Prevalence of and beliefs about electronic cigarettes and hookah among high school students with asthma

David A. Fedele, Tracey E. Barnett, David Dekevich, Linda M. Gibson-Young, Mary Martinasek, Meredith A. Jagger

Research output: Contribution to journalArticlepeer-review

34 Scopus citations


Purpose To assess current cigarette, hookah, and electronic cigarette (e-cigarette) use among high school students with and without asthma. Beliefs and use of tobacco products by a household member were also examined. Methods The 2014 Florida Youth Tobacco Survey was administered to high school students to assess current use of cigarettes, hookah, and e-cigarettes (i.e., within past 30 days). Student's home exposure and beliefs about cigarettes, hookah, and e-cigarettes were also assessed. Students were randomly selected using a two-stage cluster probability design. Results Adolescents with asthma had a higher prevalence of current hookah (14.0%) and e-cigarette use (12.4%) compared with their peers (10.9%, 10.2%, respectively). Adolescents with asthma were also at increased risk for current use of cigarettes (adjusted odds ratio [AOR]: 1.24), hookah (AOR: 1.32), and e-cigarettes (AOR: 1.34). Adolescents with asthma reported positive beliefs about tobacco products and were more likely to report living with individuals who used cigarettes (31.5%), hookah (12.1%), and e-cigarettes (15.5%) compared with their peers (26.5%, 8.5%, 12.5%, respectively). Conclusions Adolescents with asthma reported tobacco product use, positive beliefs about tobacco products, and high potential home exposure to tobacco products. There is a pressing need for education regarding potential harm of alternative tobacco products among adolescents with asthma.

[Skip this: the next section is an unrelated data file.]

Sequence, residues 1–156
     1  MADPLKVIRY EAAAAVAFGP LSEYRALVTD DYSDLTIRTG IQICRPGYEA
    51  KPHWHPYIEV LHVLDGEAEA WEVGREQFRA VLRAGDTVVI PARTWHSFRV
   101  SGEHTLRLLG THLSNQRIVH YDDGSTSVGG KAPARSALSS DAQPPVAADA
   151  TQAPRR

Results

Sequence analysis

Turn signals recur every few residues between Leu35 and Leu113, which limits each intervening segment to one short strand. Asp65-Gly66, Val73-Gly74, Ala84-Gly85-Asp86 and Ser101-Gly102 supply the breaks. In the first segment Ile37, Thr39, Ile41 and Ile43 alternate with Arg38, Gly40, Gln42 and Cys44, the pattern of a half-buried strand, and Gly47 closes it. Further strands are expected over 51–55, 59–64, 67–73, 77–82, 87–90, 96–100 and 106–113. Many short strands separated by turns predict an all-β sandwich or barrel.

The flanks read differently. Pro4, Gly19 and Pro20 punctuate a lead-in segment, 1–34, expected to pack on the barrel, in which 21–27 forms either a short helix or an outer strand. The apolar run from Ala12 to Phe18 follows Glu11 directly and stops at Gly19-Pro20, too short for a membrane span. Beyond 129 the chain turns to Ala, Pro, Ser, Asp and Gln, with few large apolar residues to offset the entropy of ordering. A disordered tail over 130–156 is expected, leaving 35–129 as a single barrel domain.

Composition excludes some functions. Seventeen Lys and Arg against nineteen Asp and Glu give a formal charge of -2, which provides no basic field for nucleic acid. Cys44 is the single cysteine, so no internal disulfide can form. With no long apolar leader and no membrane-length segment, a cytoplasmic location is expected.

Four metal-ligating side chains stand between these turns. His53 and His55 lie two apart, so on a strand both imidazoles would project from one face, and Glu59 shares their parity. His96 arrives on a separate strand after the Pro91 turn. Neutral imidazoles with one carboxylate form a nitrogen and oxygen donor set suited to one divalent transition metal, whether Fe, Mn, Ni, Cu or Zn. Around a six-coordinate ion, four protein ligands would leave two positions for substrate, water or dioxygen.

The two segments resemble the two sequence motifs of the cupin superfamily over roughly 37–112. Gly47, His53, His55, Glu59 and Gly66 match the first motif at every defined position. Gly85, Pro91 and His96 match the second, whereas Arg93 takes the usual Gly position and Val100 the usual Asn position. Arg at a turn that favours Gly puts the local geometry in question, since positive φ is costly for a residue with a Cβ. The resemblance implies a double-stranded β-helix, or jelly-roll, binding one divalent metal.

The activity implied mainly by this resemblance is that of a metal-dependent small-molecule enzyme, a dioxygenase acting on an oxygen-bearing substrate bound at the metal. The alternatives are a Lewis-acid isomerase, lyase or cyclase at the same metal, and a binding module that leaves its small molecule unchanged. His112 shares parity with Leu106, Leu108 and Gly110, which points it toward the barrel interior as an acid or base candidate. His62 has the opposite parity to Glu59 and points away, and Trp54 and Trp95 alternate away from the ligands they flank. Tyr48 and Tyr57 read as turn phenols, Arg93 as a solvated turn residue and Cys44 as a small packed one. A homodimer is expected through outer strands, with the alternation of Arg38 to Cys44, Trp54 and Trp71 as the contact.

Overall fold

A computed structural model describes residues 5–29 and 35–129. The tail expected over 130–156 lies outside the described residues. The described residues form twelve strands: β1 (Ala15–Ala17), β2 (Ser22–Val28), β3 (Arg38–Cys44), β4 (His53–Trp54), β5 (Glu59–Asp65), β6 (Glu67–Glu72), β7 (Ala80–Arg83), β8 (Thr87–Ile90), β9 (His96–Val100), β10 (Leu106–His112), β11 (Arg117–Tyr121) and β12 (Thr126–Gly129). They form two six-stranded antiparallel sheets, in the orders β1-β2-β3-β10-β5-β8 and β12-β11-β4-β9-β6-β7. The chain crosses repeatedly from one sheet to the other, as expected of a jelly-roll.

Original languageEnglish
Pages (from-to)865-869
Number of pages5
JournalAnnals of Epidemiology
Issue number12
StatePublished - 1 Dec 2016


  • Adolescent
  • Asthma
  • Smoking


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